Motha is, however, no stranger to the University. Before taking up the position at the Directorate: Quality Promotion, he was a lecturer at the Department of Applied Languages at the Pretoria Campus. In an interview with him this morning, he said it is imperative to see the Office of the Ombudsman as one that ensures that students’ academic rights are not violated and that he will undoubtedly assist them if there is merit in their complaints.
WHAT IS THE IMPORTANCE OF THE STUDENT OMBUDSMAN AT A UNIVERSITY SUCH AS TUT?
Primarily, it is to receive and assess academic complaints from students. Once these have been confirmed to be falling within the ambit of the Office, a process of mediation between the different parties commences and an amicable solution is sought. Other responsibilities include conducting quality audits, student surveys and to monitor, as well as report on, quality issues within the University.
WHAT ARE YOUR PRIORITIES?
To establish a seamless transition in the mediation and adjudication of cases that were lodged before I assumed duty. Secondly, to build on the work that has already been done by my predecessors, chief among which will be advocacy and creating an even greater awareness around the Office and duties of the Ombudsman. I am glad to announce that this process commenced during the 2017 orientation programme at different faculties, but more still needs to be done.
CAN YOU SHARE WITH US SOME OF THE MOST COMMON PROBLEMS WITH WHICH TUT STUDENTS APPROACH THE OFFICE?
A quick perusal of cases in the preceding years indicates that complaints regarding assessments are more prevalent. The second common problem is that of an acute variance in terms of postgraduate supervision processes between students and their appointed supervisors. The other cases that are more on the periphery relate to challenges with the residences, registration processes and outstanding fees.
ARE THESE UNIQUE TO TUT OR ARE THEY SIMILAR TO THAT AT OTHER UNIVERSITIES?
Although I have not conducted an empirical study on these challenges, my view is that they are not peculiar to TUT, but rather a reflection of students who are not oblivious to their rights but willing to articulate and seek resolutions towards them.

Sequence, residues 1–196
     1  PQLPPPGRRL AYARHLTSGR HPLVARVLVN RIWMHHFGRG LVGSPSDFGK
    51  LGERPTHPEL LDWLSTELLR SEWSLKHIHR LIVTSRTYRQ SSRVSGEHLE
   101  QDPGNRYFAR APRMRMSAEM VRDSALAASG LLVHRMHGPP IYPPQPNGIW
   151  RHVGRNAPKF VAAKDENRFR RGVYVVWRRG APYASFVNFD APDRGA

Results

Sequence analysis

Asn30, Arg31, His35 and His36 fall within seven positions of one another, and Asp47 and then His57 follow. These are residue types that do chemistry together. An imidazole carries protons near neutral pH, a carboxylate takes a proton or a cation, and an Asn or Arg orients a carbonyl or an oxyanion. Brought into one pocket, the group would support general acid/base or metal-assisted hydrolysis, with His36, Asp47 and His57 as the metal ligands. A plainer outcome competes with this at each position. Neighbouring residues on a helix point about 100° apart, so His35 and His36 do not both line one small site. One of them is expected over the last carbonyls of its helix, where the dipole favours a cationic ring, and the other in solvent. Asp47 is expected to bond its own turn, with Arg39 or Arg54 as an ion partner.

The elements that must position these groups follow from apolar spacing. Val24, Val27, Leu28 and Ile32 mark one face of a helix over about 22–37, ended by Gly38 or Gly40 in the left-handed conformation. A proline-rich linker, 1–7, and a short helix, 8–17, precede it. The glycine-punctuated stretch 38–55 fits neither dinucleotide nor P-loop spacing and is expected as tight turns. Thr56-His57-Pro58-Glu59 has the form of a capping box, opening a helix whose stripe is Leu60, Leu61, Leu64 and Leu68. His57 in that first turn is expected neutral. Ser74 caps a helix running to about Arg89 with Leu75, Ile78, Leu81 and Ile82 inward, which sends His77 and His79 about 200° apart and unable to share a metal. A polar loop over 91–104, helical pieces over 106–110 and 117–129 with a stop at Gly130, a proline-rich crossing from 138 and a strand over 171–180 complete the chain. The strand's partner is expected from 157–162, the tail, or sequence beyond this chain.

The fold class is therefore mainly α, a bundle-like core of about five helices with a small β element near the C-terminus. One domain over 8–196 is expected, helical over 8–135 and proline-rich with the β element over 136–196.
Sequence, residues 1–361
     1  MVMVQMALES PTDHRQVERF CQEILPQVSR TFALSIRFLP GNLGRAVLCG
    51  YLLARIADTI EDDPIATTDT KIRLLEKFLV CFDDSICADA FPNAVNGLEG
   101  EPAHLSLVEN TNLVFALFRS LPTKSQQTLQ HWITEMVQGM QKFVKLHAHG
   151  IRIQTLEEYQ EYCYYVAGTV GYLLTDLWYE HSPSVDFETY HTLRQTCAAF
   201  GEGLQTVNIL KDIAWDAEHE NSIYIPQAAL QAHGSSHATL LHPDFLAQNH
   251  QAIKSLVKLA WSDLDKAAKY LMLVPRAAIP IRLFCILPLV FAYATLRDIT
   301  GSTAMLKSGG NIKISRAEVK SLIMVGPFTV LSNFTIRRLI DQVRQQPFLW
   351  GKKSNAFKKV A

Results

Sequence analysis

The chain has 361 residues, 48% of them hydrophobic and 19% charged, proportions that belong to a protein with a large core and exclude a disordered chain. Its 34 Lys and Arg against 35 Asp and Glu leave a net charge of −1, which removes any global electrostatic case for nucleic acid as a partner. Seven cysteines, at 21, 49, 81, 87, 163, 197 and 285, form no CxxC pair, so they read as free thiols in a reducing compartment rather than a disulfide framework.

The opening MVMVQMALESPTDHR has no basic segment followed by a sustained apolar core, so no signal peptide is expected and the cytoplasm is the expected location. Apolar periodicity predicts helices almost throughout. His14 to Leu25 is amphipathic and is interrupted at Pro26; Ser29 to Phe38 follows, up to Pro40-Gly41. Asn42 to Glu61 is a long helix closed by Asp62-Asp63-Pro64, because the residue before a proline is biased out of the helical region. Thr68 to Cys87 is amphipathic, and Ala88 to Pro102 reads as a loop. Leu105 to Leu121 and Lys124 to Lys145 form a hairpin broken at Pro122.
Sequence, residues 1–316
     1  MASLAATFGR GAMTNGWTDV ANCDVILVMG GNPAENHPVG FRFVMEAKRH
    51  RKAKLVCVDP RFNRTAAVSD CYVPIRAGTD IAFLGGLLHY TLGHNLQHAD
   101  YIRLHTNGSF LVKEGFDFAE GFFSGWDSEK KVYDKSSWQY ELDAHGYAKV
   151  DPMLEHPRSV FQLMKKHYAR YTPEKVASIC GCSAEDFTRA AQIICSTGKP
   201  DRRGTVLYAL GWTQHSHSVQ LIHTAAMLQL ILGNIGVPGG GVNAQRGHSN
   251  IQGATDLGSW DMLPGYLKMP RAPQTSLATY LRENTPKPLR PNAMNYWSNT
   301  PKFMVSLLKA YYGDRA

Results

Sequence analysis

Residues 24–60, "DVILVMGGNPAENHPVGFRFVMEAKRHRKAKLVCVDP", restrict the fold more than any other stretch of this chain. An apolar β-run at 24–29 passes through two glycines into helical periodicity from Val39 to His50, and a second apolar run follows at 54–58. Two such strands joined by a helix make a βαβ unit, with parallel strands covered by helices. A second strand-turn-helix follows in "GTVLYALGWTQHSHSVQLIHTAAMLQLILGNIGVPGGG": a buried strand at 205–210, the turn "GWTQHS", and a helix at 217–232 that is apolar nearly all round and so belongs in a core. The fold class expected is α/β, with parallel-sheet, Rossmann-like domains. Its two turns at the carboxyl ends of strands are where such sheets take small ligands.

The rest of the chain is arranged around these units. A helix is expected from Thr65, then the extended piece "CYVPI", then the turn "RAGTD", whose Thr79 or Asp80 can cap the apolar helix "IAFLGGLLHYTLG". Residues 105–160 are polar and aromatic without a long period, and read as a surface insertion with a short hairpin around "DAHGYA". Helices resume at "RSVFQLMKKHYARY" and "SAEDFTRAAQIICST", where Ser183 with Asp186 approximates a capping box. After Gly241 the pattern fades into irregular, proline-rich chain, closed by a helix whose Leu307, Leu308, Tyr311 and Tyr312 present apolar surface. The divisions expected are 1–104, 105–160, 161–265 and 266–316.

DOES THE OFFICE HAVE ANY STATISTICS WITH REGARDS TO ITS USE, SINCE ITS ESTABLISHMENT A COUPLE OF YEARS AGO?
Yes, we do and they are as follows: 2012 (32 cases), 2013 (10 cases), 2014 (seven cases), 2015 (65 cases), and in 2016 (57 cases). Therefore, if we focus on the last two years, we see an exponential increase in the number of cases. In 2015, 55.4 % cases came from academic departments, 30.1 % from the Registrar’s environment, and the remaining 14.4 % is split among other environments, like Residences and Student Accounts. In 2016, 39.1% cases came from academic departments, 40.3% from the Registrar’s environment, and the remaining 19.9% is also split among other environments.
WHAT IS THE PROCESS THAT STUDENTS SHOULD FOLLOW BEFORE THEY APPROACH YOUR OFFICE?
If, for any reason, a student is aggrieved by an academic process like assessment, he/she should first articulate his/her dissatisfaction with the lecturer concerned. If they do not get any joy out their complaint, the matter can be escalated to the HoD, even up to the Campus Director and the Executive Dean. In all these stages of lodging complaints, it is crucial that students keep documentary proof of their interaction with the different levels of authority, as these will be needed by the Ombudsman in setting up the mediation process. In the event that all these steps do not produce any joy, they can approach the Student Ombudsman with a view to seek a resolution to the complaint.
WHERE CAN STAFF AND STUDENTS CONTACT YOU?
The Office of the Student Ombudsman is located in Building 21, Room 428, Pretoria Campus, tel. 012 382 5525 or e-mail MothaM@firstname.lastname@example.org.
• Moses holds a Master’s degree in Linguistics from the University of Sydney and started his career as a lecturer at the Ndebele College of Education in 1988. He has since worked mainly in the education sector – the Rosebank College (Teaching and Learning Manager), Matthew Goniwe School of Leadership and Governance (Director: Teacher Development), and Vista University (Lecturer) among others. As a recipient of the Australia-Nelson Mandela (AUSAID) Scholarship, he spent two years in Australia (2001 – 2002) to hone his skills.